So I haven’t even looked at this Hugo-driven site in more than a year. Today the thought entered my mind. I went to the main Hugo site, grabbed a new binary, stuck it in my /usr/local/bin, got a new redlounge theme, dropped that in, made a few configuration changes suggested in the theme’s readme, regenerated the site, and I am off to the proverbial races.
I discovered today that a guy named Tom Maiaroto, who uses Hugo to blog about go, created the redlounge theme I’m using on this Hugo-generated blog. It’s the best-looking (and -working) theme that shipped with Hugo at the time I started using it. So thanks, Tom, for the theme and for writing about go.
It’s been awhile since I wrote a Hugo entry in this blog. I haven’t exactly had a whole lot of time to play with Hugo, what with my new 5 a.m. shift (yes, I start working at 5 a.m.). But I did have a little time, during which I figured out two things: Setting up rsync to update this Hugo site Getting the blog title to appear in HTML on the site I won’t go into detail now (though I will later).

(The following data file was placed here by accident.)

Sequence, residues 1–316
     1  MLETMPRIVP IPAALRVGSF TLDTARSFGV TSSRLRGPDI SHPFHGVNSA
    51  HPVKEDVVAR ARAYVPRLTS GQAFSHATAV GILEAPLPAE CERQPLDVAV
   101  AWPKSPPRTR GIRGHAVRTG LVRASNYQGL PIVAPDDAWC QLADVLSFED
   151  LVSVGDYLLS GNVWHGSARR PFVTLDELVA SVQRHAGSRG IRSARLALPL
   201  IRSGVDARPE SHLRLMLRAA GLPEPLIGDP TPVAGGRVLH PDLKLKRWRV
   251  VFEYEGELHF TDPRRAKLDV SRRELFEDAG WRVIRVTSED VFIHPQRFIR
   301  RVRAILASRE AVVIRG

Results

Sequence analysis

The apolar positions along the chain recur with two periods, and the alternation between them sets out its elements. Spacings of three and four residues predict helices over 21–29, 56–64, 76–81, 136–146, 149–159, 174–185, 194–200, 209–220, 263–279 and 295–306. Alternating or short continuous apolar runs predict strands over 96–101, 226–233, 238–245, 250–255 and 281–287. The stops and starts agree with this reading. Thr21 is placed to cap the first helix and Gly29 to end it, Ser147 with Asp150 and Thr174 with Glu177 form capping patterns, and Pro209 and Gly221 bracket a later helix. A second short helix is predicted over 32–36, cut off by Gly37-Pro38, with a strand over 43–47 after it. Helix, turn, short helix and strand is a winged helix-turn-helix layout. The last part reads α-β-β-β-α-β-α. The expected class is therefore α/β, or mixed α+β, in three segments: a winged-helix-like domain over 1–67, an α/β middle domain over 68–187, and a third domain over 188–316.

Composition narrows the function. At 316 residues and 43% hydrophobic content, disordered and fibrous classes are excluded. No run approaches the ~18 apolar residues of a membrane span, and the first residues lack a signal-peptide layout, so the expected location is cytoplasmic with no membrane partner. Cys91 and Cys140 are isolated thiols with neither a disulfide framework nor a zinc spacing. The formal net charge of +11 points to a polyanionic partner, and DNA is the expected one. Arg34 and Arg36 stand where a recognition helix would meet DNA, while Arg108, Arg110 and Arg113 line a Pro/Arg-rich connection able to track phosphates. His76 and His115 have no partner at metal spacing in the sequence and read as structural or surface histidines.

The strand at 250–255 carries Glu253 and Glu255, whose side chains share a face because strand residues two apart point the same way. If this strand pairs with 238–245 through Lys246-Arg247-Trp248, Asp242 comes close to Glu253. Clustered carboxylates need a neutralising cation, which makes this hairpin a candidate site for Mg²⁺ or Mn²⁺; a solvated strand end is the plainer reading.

I’m not quite up to figuring out how to host this Hugo site on GitHub pages, so for the time being it’s living on my Hostgator site and getting there via FTP. FTP isn’t a great way to do this because it’s hard to separate the changed files from all the rest. I don’t have a great understanding of how Hugo deals with updates. Since the entire site is being generated every time you add content, I’m assuming that all of the files get new timestamps with every build.
This HTML has been created with a program called Hugo that is written in the Go programming language and compiled into a binary. The files use Markdown for formatting, and the blog is built using static HTML files. Things I have to figure out now include how/where to put images, how/where to host this HTML and how to get those files from here to there.